I very much understand the frustration of students receiving these cryptic answers, in fact I went through the same kind of pain when receiving similar answers from my teacher. I specifically remember wondering why would anybody who have achieved a clear realization of Buddha's teaching not explain it to students in a nice and clear manner. And here I am few years later, declining to elaborate on some of my answers.
Because the reason for me giving such cryptic answers is entirely rational, let me try and summarize it here.
There is a type of questions, that come from confusion about the concept one is asking about, from what I call incorrect frame or reference. Answering these directly is not helpful. E.g. the one that started this thread seems to come from a complete absence of understanding, which makes it pretty much invalid and irrelevant. The options we have for these are:
- Close the answer as "not clear".
- Answer with "your question is invalid and irrelevant".
- Try to give them an outline of the area the question lies in. In this case, give a definition of Samsara, introduce the Six Worlds, mention transmigration -- in effect write an introductory article on Buddhism 101.
- Answer the question directly. In this case, say 'According to Buddha (here is a quote) Samsara is beginningless, so it has no "starting" as you called it'. Like I said above, such answer hardly helps the questioner get anywhere. They need to start thinking about their mind here and now, not about speculative points like "if Samsara has no beginning where do I come from?"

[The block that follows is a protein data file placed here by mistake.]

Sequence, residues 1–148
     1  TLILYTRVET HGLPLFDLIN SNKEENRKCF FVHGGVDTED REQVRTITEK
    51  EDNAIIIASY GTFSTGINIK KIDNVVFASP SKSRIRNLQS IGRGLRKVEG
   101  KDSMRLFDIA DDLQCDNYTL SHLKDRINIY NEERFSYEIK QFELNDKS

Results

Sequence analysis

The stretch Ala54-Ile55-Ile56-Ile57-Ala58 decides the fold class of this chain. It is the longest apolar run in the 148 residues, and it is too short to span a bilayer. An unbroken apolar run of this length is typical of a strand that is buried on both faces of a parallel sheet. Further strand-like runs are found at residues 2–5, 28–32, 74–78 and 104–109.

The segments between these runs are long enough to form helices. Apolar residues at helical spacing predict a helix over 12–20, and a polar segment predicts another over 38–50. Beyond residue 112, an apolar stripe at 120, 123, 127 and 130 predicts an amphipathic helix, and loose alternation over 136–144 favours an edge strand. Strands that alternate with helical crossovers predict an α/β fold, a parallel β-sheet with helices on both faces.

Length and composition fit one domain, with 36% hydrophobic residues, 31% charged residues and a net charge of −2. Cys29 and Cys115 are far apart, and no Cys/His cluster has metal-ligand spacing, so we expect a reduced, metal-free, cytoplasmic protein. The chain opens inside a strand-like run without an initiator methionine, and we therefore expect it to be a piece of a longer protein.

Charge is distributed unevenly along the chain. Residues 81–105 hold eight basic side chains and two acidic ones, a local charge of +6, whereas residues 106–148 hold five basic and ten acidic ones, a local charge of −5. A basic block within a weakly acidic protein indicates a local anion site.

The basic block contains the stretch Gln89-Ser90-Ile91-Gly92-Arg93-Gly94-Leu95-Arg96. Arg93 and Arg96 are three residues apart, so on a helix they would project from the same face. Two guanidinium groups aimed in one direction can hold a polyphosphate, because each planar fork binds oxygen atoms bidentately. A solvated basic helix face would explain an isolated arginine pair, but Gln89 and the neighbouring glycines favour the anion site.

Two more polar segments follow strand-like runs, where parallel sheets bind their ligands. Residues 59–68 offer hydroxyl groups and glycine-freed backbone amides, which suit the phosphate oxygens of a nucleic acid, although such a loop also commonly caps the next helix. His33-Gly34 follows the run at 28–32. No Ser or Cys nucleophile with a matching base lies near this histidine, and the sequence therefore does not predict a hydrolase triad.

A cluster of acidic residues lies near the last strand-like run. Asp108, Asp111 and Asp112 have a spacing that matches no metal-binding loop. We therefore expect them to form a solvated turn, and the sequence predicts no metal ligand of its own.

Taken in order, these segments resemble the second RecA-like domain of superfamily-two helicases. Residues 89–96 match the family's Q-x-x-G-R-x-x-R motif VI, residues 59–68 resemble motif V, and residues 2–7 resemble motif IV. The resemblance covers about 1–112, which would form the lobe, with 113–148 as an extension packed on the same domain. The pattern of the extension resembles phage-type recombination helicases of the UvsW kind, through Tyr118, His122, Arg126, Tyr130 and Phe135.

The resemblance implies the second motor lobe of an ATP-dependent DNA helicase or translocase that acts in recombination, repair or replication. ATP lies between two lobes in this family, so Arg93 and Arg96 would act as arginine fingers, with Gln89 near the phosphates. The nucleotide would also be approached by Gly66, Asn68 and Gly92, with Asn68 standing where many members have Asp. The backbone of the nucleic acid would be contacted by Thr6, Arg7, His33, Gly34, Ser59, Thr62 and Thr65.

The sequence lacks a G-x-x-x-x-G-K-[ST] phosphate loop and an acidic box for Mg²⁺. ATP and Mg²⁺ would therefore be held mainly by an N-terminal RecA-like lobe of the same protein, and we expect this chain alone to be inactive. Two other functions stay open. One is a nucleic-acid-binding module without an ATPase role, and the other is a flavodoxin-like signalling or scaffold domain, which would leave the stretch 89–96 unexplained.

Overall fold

- Or, the option I chose, is to give an answer that is ultimately valid and points the questioner in the direction they should focus their inquiry on. In this case, it is an invitation to switch one's context from the objective timeline, to phenomenology of "I" and "world" (or subject and object), to research into relationship of mind and experience, which, when followed through, and augmented with practice of meditation, altruism, and non-attachment, will eventually lead the person to Right Understanding.
Here is another consideration:
Previously (on Buddhism Q&A site on Google+ during the last year or two), I used to answer such questions elaborately: explain what the question implies, point out why this is an invalid way to think about the subject, introduce a valid frame of reference, and outline the basic structure they should follow to arrive to an insight. Then I noticed, that people who tend to ask such "confused" questions, often do not appreciate a complete answer, because they are not ready for complete answer yet! Instead, all they are trying to do is "probe" their way around Dharma, and try to identify key concepts and relationships relevant to their Spiritual Quest.
A notable example is this question, where the questioner, after having received 4 elaborate answers said: "Thank you all for the considered and learned answers. I shall study the texts in question. However, I am a simple man. Is there a simple answer to my question?"
This led me to appreciate my teacher's attitude to questions: because much of Buddhism is "skillful means" (upaya) designed to aid one's spiritual transformation, rather than give a purely conceptual understanding, long explanations are irrelevant at best. At worst, they have a potential to rob the student of motivation to actively inquire and thus receive their own insights about their psyche, their world, and how the two relate. So giving a cryptic or simplistic hint may be the least evil, pointing them in the right direction without confusing them or robbing of their own path.
All this said, while writing this reply, I did get a few ideas about the way this particular question can be addressed, and edited my answer to make it more helpful to the poster and other readers. Thank you for your inspiration guys!